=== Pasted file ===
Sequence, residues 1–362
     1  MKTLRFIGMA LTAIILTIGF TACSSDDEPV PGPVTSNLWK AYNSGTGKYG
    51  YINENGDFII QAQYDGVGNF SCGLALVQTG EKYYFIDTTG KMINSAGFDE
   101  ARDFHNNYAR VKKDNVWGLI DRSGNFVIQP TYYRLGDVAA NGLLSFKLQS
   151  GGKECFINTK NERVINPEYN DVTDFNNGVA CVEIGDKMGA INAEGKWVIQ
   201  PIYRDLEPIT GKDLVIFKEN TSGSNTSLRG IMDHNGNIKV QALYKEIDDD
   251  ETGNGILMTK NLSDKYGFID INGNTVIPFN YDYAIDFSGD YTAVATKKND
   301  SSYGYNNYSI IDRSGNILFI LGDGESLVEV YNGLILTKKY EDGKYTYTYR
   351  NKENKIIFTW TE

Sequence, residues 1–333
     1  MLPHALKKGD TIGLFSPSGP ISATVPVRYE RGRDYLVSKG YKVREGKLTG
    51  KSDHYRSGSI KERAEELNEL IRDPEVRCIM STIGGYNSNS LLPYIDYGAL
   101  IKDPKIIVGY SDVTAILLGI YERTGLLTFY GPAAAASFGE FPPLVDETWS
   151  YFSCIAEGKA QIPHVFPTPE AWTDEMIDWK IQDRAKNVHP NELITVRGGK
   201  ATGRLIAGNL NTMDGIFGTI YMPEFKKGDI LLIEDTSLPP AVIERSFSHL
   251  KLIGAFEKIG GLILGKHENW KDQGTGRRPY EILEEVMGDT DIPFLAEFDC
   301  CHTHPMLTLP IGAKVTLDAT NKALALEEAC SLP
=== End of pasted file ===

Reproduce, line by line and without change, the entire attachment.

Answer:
Sequence, residues 1–362
     1  MKTLRFIGMA LTAIILTIGF TACSSDDEPV PGPVTSNLWK AYNSGTGKYG
    51  YINENGDFII QAQYDGVGNF SCGLALVQTG EKYYFIDTTG KMINSAGFDE
   101  ARDFHNNYAR VKKDNVWGLI DRSGNFVIQP TYYRLGDVAA NGLLSFKLQS
   151  GGKECFINTK NERVINPEYN DVTDFNNGVA CVEIGDKMGA INAEGKWVIQ
   201  PIYRDLEPIT GKDLVIFKEN TSGSNTSLRG IMDHNGNIKV QALYKEIDDD
   251  ETGNGILMTK NLSDKYGFID INGNTVIPFN YDYAIDFSGD YTAVATKKND
   301  SSYGYNNYSI IDRSGNILFI LGDGESLVEV YNGLILTKKY EDGKYTYTYR
   351  NKENKIIFTW TE

Sequence, residues 1–333
     1  MLPHALKKGD TIGLFSPSGP ISATVPVRYE RGRDYLVSKG YKVREGKLTG
    51  KSDHYRSGSI KERAEELNEL IRDPEVRCIM STIGGYNSNS LLPYIDYGAL
   101  IKDPKIIVGY SDVTAILLGI YERTGLLTFY GPAAAASFGE FPPLVDETWS
   151  YFSCIAEGKA QIPHVFPTPE AWTDEMIDWK IQDRAKNVHP NELITVRGGK
   201  ATGRLIAGNL NTMDGIFGTI YMPEFKKGDI LLIEDTSLPP AVIERSFSHL
   251  KLIGAFEKIG GLILGKHENW KDQGTGRRPY EILEEVMGDT DIPFLAEFDC
   301  CHTHPMLTLP IGAKVTLDAT NKALALEEAC SLP